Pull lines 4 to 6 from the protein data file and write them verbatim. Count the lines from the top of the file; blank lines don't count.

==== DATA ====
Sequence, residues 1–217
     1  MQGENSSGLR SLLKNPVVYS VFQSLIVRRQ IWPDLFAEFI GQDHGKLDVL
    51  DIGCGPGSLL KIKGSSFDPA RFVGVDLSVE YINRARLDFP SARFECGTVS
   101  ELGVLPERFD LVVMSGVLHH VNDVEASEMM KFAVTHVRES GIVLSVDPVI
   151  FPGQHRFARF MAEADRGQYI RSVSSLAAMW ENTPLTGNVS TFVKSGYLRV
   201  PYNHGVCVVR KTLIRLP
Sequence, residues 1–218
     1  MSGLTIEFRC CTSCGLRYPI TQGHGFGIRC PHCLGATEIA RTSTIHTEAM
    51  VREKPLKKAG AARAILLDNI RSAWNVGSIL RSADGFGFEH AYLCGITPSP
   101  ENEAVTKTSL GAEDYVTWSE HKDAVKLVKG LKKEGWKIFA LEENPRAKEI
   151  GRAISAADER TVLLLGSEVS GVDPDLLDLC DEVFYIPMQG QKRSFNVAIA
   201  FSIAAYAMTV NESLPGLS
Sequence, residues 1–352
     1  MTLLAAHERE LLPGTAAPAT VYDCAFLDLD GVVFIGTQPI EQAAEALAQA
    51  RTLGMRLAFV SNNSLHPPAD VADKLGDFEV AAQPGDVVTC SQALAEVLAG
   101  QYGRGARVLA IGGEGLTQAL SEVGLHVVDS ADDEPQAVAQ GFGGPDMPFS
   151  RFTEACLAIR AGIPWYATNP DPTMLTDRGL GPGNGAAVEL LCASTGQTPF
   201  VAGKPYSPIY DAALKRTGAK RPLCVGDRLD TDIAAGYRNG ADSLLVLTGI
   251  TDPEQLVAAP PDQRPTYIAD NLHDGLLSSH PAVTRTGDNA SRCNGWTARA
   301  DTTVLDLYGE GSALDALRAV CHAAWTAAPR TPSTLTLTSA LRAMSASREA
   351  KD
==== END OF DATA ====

   101  ELGVLPERFD LVVMSGVLHH VNDVEASEMM KFAVTHVRES GIVLSVDPVI
   151  FPGQHRFARF MAEADRGQYI RSVSSLAAMW ENTPLTGNVS TFVKSGYLRV
   201  PYNHGVCVVR KTLIRLP